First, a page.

Fletcher Building, one of this country's biggest employers with about 8000 staff here, is undertaking a strategic review of its domestic business.

All divisions will be under the microscope with the steel division facing the biggest changes.

After the company yesterday reported a 12 per cent net after-tax pre-abnormal profit drop for the June year, incoming chief executive Mark Adamson was coy about potential job losses.

"The whole portfolio is under examination.


"It's around efficiencies and capacity balance," Adamson said, referring to extensive factory closures already undertaken.

But he said he did not enter the review thinking of layoffs.

"It's more about driving efficiencies that could lead to more production and services," said the laminates and panels' chief executive, who takes over from Jonathan Ling on October 1.

Ling said Fletcher employee numbers were up because of work in Christchurch, although it was slow to get under way.

Adamson plans to continue with the strategy already put in place by Ling.

The straight-talker said he was appointed to the board for his success at Formica, part of the top-earning laminates and panels division which earned $139 million in the June year, beating concrete's $130 million, Crane's $106 million, building products' $72 million, construction's $50 million, steel's $48 million and PlaceMakers' $27 million.

"I am what I am,"Adamson said.

"My style is direct. I don't tend to bullshit. I have firm views."

Steel's earnings nearly halved from last year's $83 million and Adamson told analysts that long-run steel was a focus and did not rule out small divestments of non-core assets but would wait until he had his feet under his desk before deciding.

Ling said job cuts were on the cards in Australia, where Fletcher employs thousands of people.

"We don't have a definite number but the pressure is on the downside, not the upside and there will be further reductions in Australia, particularly at Stramit and in insulation," Ling said.

Fletcher, with a market capitalisation of $4.3 billion second only to Telecom's $5.1 billion, reported $317 million net after-tax profit, down on last year's $359 million but still 12.8 per cent above Deutsche Bank's forecast $282 million.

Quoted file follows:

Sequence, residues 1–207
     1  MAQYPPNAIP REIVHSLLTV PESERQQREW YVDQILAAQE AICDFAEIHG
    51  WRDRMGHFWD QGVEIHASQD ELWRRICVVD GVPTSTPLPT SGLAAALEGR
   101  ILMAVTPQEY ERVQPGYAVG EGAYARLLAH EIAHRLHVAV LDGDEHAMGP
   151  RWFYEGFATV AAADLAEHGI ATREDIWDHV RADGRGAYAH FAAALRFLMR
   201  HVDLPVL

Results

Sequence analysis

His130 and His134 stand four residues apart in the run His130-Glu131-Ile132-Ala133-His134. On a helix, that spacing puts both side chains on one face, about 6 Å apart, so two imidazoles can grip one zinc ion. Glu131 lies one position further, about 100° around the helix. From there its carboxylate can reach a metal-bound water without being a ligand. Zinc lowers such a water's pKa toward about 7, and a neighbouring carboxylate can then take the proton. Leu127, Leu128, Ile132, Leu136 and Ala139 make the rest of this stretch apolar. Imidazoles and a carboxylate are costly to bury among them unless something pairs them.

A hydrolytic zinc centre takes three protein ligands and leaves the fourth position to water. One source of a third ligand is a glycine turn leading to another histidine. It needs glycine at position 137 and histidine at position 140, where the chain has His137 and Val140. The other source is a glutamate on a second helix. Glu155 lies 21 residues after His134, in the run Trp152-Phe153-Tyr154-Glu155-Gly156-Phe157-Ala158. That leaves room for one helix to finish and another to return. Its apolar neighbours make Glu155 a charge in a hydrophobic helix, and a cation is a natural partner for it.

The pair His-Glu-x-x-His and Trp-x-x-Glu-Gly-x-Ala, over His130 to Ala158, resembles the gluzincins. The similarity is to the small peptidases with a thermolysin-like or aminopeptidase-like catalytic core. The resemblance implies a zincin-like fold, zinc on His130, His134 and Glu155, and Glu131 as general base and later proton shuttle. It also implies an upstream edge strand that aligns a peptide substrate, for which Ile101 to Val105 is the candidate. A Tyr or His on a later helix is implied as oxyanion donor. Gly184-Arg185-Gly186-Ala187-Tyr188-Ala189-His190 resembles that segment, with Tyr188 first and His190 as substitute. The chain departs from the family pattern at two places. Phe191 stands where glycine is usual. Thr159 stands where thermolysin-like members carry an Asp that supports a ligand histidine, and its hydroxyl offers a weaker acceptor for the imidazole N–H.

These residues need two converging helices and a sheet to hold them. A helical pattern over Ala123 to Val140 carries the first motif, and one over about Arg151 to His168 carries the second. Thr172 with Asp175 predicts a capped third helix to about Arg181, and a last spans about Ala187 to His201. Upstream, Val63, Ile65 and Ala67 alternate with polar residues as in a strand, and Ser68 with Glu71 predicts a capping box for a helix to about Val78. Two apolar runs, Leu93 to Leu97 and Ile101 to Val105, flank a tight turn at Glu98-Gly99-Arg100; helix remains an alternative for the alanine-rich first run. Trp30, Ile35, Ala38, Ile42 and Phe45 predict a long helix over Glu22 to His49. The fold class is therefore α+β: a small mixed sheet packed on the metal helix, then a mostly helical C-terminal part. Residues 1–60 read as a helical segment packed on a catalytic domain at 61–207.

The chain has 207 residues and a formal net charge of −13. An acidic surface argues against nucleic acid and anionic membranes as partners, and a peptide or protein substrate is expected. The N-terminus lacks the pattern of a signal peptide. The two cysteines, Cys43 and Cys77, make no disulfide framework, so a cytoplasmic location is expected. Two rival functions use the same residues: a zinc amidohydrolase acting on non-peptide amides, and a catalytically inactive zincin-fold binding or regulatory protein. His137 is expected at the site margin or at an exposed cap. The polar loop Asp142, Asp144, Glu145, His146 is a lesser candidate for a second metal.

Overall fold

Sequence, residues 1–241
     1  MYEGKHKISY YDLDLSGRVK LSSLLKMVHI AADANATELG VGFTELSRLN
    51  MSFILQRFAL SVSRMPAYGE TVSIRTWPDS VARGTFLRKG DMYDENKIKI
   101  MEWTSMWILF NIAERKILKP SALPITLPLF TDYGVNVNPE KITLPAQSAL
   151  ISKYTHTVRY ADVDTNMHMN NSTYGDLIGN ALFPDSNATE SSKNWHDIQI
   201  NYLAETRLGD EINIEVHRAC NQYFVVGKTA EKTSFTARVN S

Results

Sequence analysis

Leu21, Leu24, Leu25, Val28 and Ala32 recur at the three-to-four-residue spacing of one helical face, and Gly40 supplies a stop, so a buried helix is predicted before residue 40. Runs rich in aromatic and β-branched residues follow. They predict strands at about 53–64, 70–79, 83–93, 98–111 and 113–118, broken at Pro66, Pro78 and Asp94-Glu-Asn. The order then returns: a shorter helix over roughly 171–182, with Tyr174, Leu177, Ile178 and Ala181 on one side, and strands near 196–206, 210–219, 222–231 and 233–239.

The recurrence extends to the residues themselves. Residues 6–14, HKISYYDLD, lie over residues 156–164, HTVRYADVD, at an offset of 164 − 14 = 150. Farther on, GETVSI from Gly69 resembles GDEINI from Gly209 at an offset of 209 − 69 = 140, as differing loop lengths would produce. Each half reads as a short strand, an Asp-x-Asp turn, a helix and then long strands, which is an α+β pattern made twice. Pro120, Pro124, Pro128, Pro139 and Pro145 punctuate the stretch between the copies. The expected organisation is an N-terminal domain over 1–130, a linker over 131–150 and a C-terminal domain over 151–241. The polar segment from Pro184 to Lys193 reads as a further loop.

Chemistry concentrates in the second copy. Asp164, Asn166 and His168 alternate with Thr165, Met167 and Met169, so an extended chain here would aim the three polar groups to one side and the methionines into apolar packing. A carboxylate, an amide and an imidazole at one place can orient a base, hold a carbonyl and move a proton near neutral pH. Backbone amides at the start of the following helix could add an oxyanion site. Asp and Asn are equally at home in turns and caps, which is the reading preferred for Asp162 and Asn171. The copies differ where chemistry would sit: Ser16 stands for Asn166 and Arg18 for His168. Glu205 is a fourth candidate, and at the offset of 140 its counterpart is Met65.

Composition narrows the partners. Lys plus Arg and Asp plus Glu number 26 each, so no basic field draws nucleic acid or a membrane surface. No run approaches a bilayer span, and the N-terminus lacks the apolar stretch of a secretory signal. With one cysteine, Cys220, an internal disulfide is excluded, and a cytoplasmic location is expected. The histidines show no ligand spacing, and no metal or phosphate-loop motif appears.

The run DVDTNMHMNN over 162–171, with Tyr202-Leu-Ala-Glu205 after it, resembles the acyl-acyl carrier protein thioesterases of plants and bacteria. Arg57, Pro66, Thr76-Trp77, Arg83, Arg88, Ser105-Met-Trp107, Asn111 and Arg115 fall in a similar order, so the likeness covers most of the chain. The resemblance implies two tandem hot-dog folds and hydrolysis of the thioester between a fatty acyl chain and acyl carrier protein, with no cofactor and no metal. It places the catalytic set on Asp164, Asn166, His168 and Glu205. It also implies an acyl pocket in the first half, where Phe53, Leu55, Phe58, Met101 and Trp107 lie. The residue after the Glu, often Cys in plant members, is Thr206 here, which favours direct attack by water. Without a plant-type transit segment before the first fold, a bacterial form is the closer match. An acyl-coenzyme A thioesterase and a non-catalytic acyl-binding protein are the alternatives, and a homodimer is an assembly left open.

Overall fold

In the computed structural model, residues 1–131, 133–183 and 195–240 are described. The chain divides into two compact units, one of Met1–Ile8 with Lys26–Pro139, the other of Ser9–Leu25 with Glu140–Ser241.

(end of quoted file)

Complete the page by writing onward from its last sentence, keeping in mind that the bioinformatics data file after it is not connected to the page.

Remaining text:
Emily Behncke, Deutsche Bank research analyst, and research associate John Hynd indicated growth expectations for the 2013 financial year might be too optimistic.

No quantitative guidance was provided for next year's result but management outlined that for a significant increase in earnings, a marked improvement in residential and commercial activity was needed here and in Australia.

Yet Fletcher expected only a modest house-building improvement here and no big commercial building pickup until 2014.

"Given these statements do not imply a market improvement, we suspect 2013 consensus net profit after tax growth of 16 per cent is too significant," Behncke and Hynd said in a first impressions report, picking the company to make $293.8 million net after- tax profit in 2013.

Michael Ward and Rahul Badenthalav of CBA put a hold on Fletcher, saying it is difficult to see a strong share price performance.

"Operationally, the result was marginally below our expectations but in line with consensus expectations.

"Generally laminates and panels was better than we expected and concrete and construction was worse than we expected," they said.

A modest improvement in New Zealand housing was expected while commercial and infrastructure activity was not expected to improve materially, they said.

"In Australia the direction of housing activity remains unclear with risk to the downside while non-residential is expected to remain subdued and infrastructure activity steady," the CBA analysts said.

"Against this backdrop it would appear a significant increase in earnings is unlikely. Our current FY13 forecasts are 6.4 per cent below consensus."

Fletcher's shares closed down 34c, or 5 per cent, yesterday at $6.32, well down on this year's $6.70 high in March.